Undemocratic card check threat hurts Walmart stock

Posted on March 12, 2009


The spectre of union card check legislation has caused Citigroup to downgrade the value of Walmart’s stock, noting the legislation, introduced this week and seemingly aimed at the large non-union retailer, would create significant costs and bring down earnings for the company.

Walmart-haters don’t care about any of that and are gleefully anticipating a comeuppance for the mean and evil corporation. The point they miss is that a lot of middle to lower class folks do their shopping at Walmart, so a rise in costs for the company will mean a rise in prices for them. Is that any way to stimulate the economy? No, it isn’t.

I’m no apologist for Walmart. I’m not thrilled with the amount of goods they import from China, but then again, Target, Costco, Meijer’s, etc., all do exactly the same thing, but Walmart is singled out because it’s nonunion, so it’s continued success is a speck of dust in Big Labor’s eye, showing that the union model isn’t the only or even the best way to financial success, for management and for workers, who do just fine under Walmart’s pay structure.

The larger point about card check, otherwise known deceptively as the Employee Free Choice Act, is that it is inherently undemocratic. The quick version of how it works is as follows: in lieu of having a secret ballot election to determine whether a company’s workers will unionize, organizers can simply have employees sign a card and present that to management to avoid an election altogether.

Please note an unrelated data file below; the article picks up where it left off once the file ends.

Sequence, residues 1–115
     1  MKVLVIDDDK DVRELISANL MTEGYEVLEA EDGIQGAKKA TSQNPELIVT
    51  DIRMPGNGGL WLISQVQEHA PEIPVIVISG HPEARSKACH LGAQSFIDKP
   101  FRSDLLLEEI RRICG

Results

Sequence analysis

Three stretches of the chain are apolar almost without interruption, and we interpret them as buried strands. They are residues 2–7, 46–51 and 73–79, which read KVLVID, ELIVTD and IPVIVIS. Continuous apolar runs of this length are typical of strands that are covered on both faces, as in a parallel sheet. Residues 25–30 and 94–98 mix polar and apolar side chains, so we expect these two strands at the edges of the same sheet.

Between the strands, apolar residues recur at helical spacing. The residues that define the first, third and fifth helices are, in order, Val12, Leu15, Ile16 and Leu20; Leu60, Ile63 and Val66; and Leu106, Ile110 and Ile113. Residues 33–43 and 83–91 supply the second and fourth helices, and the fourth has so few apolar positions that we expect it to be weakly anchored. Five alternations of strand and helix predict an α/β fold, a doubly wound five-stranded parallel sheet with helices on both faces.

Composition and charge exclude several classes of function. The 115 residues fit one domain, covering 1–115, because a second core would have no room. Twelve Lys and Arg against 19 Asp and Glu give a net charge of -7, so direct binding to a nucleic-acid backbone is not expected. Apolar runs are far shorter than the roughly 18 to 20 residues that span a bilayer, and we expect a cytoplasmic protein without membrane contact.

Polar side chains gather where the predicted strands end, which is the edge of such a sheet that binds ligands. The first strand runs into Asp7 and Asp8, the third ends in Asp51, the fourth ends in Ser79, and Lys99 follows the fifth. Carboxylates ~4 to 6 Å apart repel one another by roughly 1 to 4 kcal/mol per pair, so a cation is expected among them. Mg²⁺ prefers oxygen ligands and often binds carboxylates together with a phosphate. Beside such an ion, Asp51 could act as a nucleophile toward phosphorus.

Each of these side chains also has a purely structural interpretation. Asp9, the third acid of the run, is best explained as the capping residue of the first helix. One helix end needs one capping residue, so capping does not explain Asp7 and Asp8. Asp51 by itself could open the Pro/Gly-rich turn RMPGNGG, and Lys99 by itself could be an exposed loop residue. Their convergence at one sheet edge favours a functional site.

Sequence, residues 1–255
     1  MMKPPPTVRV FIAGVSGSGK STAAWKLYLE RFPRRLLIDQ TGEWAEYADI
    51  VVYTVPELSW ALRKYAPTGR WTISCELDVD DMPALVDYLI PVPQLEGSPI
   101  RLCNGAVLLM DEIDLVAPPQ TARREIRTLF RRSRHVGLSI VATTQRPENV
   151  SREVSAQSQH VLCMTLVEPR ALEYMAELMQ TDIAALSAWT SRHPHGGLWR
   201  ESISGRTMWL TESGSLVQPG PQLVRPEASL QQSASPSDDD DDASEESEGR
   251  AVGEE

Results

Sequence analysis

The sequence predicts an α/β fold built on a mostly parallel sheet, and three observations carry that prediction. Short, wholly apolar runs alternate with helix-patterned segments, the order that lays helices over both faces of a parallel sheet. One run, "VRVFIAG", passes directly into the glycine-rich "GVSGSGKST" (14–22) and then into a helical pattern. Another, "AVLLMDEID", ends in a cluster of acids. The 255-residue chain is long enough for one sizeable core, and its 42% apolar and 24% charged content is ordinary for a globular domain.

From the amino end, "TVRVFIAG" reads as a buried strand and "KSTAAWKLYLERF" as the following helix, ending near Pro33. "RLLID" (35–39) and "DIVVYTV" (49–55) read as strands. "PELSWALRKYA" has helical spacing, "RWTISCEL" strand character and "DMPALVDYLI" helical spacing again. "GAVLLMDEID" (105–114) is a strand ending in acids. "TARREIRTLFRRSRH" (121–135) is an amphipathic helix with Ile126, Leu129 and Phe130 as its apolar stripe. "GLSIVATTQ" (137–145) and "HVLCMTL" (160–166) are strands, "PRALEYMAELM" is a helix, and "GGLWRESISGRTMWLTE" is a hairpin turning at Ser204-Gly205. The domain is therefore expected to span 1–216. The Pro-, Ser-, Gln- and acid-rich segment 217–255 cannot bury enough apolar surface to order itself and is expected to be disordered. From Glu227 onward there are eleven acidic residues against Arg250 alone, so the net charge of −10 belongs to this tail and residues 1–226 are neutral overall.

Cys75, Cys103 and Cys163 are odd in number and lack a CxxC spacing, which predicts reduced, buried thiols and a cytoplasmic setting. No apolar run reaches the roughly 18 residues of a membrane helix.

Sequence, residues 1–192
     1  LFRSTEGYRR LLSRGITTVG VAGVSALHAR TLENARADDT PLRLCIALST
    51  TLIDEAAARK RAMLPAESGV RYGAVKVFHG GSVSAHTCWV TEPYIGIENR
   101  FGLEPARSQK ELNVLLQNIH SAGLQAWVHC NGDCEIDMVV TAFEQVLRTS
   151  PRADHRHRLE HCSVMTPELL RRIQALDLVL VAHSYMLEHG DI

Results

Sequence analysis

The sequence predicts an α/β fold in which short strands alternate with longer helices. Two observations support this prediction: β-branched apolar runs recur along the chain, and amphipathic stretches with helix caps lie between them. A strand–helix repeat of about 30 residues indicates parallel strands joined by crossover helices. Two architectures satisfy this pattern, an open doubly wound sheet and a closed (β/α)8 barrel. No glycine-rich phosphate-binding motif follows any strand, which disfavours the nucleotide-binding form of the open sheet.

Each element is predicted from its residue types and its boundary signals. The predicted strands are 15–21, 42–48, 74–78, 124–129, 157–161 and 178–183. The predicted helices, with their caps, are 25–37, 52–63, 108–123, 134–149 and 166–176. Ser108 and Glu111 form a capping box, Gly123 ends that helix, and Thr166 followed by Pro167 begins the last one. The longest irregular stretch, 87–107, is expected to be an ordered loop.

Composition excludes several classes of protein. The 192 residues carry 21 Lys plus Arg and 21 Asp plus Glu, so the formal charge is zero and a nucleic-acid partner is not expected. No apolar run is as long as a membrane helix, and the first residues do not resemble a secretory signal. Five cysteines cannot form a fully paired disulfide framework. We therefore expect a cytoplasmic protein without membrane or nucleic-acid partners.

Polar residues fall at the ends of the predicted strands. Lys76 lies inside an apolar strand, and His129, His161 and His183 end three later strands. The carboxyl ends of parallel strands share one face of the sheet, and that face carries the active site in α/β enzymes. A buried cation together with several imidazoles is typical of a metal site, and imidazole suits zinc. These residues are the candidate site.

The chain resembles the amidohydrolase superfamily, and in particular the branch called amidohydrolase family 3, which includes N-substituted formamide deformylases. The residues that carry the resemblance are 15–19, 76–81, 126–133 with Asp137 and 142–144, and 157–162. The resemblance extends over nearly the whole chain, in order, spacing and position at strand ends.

The opportunities for intimidation and coercion, overt and subtle, are limitless, as employees who might be against unionization might feel uncomfortable declining to sign a card in front of their coworkers and glowering union organizers, and retaliation from either side against those who didn’t vote their way seems assured. I know that some companies have meetings urging their employees about the dangers of unionization before such elections, which might skew the results, but at the end of the day, the worker by himself makes a quiet and anonymous decision on whether to go union.

It’s my personal belief that unions no longer serve the once-vaunted goal of protecting the worker as they used to when the labor movement first began. Instead, now they act as sports agents for their clients, getting them the best deal management will pony up under threat of strike. They have their place in history and provide some decent services today, but they have become largely irrelevant, mainly due to the steep domestic decline of the industries they dominate. One need only look at the auto industry for a glimpse at what out-of-control unions, along with bad management and suffocating regulation, can do to business

Thankfully, the measure isn’t as popular as backers have hoped, as moderate Democrats are balking at the divisiveness and the seeming unfairness of the proposal. Hell, even a former union leader, Neal Catlett, opposes card check on the grounds that privacy of opinion is key to the protection of the worker, and he’s spot on. Michelle Malkin notes that Arlen Specter will again be a swing figure in the vote-wrangling ahead. In my view, card check is an inherently unfair and undemocratic method that will hurt business, and it ought to be defeated.

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